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The expression "cocktail ring" identifies a ring with a large colored stone, flashy and eccentric, (rather) worn alone in the right hand, during events such as vernissages or cocktail parties: on these occasions the outfit should be formal.

The word “cocktail” could have been coined at the time of prohibition in America. It was a nationwide constitutional ban on the production, importation, transportation, and sale of alcoholic beverages from 1920 to 1933 and that time, joining to an in illegal parties, was considered really cool and trash.

Breaking the law by drinking forbidden drinks, gesturing at each sip of scotch to booster through the amazing gem settled on the ring, the beauty of the girl who was showing it off ...

Thus, the ring becomes the distinctive feature for the lady wearing it and the color of the gem arises as the founding element. “Red” as for the passion or “blue” as for the infinity or “yellow” as for friendship and so on. Nowadays we are facing a deep misunderstanding about the right classification of a cocktail ring: the most important thing is the involvement of a ring on which it should be settled a precious or a semi-precious colored stone, whether it be a cabochon or it be a facetted; the stone should be of considerable large size, and the setting has to be in “griffes”.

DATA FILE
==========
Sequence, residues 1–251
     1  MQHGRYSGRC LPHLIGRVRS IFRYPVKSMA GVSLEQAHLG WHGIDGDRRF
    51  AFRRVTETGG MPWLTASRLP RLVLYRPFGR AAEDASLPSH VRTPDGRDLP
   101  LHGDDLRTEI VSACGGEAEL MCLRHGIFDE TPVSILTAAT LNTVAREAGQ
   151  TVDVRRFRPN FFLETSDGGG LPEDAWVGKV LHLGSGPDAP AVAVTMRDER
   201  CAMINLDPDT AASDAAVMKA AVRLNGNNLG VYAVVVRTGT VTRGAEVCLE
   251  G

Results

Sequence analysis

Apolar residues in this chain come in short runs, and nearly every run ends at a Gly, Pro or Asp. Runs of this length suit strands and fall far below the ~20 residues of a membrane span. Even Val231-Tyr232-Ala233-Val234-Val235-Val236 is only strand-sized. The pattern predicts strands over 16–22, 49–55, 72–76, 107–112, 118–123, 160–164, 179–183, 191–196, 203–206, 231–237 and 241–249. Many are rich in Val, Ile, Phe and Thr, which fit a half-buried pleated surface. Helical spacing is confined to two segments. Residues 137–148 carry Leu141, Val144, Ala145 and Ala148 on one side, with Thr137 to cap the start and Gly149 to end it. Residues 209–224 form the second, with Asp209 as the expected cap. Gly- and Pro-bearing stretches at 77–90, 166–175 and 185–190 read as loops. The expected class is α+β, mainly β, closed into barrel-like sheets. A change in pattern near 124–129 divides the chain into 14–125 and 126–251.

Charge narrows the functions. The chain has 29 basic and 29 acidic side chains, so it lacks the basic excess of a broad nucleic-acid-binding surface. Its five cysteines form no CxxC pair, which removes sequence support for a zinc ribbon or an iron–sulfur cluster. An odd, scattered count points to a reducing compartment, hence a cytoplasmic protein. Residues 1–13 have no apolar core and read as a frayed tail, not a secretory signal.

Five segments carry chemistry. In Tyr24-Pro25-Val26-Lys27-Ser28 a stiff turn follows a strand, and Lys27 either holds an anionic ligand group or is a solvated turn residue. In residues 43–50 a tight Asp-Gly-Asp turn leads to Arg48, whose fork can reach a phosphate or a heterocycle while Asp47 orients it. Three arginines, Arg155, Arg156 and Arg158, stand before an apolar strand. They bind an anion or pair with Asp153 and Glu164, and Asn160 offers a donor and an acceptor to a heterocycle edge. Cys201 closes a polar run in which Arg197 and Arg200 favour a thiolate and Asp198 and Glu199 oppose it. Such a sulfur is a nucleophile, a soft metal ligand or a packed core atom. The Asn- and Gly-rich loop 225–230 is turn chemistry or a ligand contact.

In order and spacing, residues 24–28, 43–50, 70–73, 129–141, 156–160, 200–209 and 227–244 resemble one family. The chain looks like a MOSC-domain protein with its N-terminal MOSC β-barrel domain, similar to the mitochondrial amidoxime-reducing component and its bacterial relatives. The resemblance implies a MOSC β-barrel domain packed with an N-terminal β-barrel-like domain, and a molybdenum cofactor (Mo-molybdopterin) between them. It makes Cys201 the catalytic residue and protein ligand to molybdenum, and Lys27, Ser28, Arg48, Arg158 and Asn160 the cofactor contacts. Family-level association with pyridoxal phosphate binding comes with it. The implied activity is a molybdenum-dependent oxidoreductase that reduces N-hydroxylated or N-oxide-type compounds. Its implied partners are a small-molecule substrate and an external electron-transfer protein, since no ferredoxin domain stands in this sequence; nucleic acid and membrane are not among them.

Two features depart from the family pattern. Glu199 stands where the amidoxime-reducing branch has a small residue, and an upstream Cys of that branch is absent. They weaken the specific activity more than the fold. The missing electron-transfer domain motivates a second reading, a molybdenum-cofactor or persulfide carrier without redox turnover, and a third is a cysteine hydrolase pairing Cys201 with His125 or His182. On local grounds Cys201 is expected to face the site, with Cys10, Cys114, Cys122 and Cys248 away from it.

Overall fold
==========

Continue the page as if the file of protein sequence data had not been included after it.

The cocktail ring can be equally worn at the ring finger or at the middle finger according to its size, but you must strictly avoid left hand, as it is reserved for the wedding ring or engagement ring.

The use of multicolored semi-precious stones (hyaline quartz, rose, amethyst, citrine, smoky, blue topaz, iolite and garnet) has widened the outfit of the cocktail ring to a more widespread daily use, from morning to evening, leaving the more challenging patterns (such as tourmaline, beryl, tanzanite, mandarin garnet) behind the sunset and onwards.